"Bellflower" is the film version of the hardcore metalcore ballad that writer/director Evan Glodell would have written if he were more a musician than filmmaker. Clearly harboring angst towards someone who decimated his personal world, this movie is an intense reflection of the feelings that we encounter after returning from the wreckage of a rough break-up crippling sadness, and pure... fucking... rage.


Glodell's raw expressions of these feelings, which would sound like the blistering Every Time I Die in a musical dimension, makes for a certainly unique revenge tale.


Woodrow and Aiden (Evan Glodell and Tyler Dawson) are two California buddies living in their own worlds of boyish fascinations with fast cars and pyrotechnics. They're constantly working on their homemade flamethrower, while dreaming about their imaginary hero, Lord Humongous a super human being who would dominate the apocalypse they often dream about.

Things truly become apocalyptic, however, when Woodrow falls for a unique individual named Minnie (played by Jessie Wiseman). After meeting at a cricket-eating contest, the two become very involved with one another. This changes, however, when Woodrow discovers that Minnie has been cheating on him with her former roommate Mike.


From this point on, "Bellflower" hurdles into a chaotic storyline, of uncertain fantasy and/or reality. Things are burned; people are killed. And a super muscle car, Medusa, is born.


At the center of "Bellflower" is Glodell's Woodrow, a young man who has more boyish qualities than just his constant giggling. He has certain innocence to him, as he is without unlikable characteristics and is a grimy romantic, through and through. Glodell then carries this character through his whirlwind of events, while covering a complete palette of nearly insane moments. He can be boyish and a monster, equally.


The sidekick to Woodrow, Aiden is the brains of their operations, but also one who shares the same, essentially teenage, appreciation for pyrotechnics and cool cars. Compared to Woodrow, Dawson's Aiden is notably less intriguing, especially with his tendency to say the word "dude" at least twice in every sentence, and contribute to the movie's sometimes poor dialogue.

At times the dialogue can be laughably bad, as its heavy reliance on improv (or so it seems) only shows how limited the actors' imaginations can be during certain exchanges. Dude, if you thought "Dude Where's My Car?" had some sweet dialogue, you'll love what they say in "Bellflower," dude.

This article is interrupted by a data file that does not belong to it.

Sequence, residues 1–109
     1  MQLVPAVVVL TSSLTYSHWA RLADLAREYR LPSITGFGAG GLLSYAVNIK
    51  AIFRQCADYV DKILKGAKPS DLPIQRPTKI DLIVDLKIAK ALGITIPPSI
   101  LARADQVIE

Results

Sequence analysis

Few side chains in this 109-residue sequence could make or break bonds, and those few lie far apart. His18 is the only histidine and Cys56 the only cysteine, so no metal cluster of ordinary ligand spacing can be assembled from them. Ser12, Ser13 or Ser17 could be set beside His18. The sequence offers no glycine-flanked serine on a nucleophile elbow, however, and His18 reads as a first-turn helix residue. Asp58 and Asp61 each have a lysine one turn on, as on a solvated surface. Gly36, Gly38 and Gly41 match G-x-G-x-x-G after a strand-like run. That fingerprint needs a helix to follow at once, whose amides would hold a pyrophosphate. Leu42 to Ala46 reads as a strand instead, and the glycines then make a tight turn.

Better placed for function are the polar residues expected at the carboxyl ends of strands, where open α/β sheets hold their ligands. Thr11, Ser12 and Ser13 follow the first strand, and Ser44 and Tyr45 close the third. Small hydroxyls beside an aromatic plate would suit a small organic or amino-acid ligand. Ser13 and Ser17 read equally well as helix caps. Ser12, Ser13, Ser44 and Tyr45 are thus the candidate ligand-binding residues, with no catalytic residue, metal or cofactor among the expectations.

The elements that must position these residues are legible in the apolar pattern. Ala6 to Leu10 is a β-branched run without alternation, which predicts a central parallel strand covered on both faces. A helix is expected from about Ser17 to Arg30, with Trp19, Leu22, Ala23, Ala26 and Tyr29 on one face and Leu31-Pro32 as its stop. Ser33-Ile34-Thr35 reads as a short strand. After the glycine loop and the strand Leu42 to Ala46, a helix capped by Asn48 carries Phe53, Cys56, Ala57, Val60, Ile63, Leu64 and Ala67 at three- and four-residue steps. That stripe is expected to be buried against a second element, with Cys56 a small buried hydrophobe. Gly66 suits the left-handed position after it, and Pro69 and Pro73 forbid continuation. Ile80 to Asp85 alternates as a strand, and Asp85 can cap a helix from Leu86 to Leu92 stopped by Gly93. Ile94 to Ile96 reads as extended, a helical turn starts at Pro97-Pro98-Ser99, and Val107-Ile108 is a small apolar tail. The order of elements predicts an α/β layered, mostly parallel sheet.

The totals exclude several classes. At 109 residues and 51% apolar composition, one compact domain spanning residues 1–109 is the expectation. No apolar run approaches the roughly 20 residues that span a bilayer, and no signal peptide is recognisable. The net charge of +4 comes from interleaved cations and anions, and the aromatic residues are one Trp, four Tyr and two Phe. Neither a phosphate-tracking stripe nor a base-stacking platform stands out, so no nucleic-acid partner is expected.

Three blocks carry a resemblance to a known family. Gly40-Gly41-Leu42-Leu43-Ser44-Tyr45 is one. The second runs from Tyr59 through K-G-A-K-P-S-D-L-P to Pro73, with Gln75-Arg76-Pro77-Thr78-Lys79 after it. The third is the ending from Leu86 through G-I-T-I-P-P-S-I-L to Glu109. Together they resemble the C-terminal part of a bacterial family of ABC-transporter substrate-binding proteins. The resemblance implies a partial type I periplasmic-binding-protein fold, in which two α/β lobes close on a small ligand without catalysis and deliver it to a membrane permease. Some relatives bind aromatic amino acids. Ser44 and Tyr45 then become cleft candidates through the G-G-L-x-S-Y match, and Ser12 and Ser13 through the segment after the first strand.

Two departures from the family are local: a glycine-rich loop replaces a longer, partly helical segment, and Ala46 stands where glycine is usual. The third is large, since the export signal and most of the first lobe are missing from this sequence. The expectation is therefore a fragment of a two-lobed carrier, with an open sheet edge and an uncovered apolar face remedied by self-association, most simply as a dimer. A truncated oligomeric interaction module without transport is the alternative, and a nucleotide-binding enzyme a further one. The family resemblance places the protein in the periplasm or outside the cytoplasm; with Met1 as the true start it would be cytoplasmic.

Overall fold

Playing against the film's visual angst, the "Bellflower" soundtrack utilizes songs by a mumbling Jonathan Keevil that sound like they were recorded with a simple handheld recorder. Keevil's raw tunes add mellowness to moments that could be considered nothing by chaotic. It's certainly a more interesting choice than fueling such moments with the expected crashing noise of murderous guitars.


"Bellflower" has a special heart for its technical sense, in more ways than one. Heightening a certain spirit to its indie pride, the "Medusa" car, as seen in the movie, with its fuel-injected exhaust flamethrowers and three surveillance cameras, is a fully functioning, real piece of equipment.


The same can be said for the real flamethrower, constructed during the movie from spare parts. Even the camera used to capture "Bellflower's" true DIY aspect was made by Glodell and his "Coatwolf" (his company) cronies.

Unfortunately, such engineering is used for some unnecessary pretension, as the cinematography uses blown-out lighting far too often, and even adds in fake scratches on the lens. The lens marks might look real, but it's the fake washed out Abercrombie & Fitch shirt to the movie's genuine vintage tee, grimy style.


The escalating chaos of "Bellflower" ensures its energy, whether the events that happen seem whiny and overdramatic more than darkly poetic. Due to whatever person that hurt writer/director Glodell in the past, this movie completely rages in certain aspects with explosive interactions, a lot of physical fights, and the general wish for the end of the world. Whether one can really connect to such a movie, it still loads its tale with so much pure anger that it's hard to look away from.


If Glodell's feelings seem possibly accurate to the death of love, then you'll be moshing and screaming right along with his personal "Bellflower."


"Bellflower" is a supped-up, homemade, technical indie spectacle with pretentious tendencies; a sort of coming-of-rage tale that romanticizes the apocalypse by likening the end of the world to a lover crushing your heart.   -- NICK ALLEN, is also a film critic for The Scorecard Review and member of Chicago Film Critics Association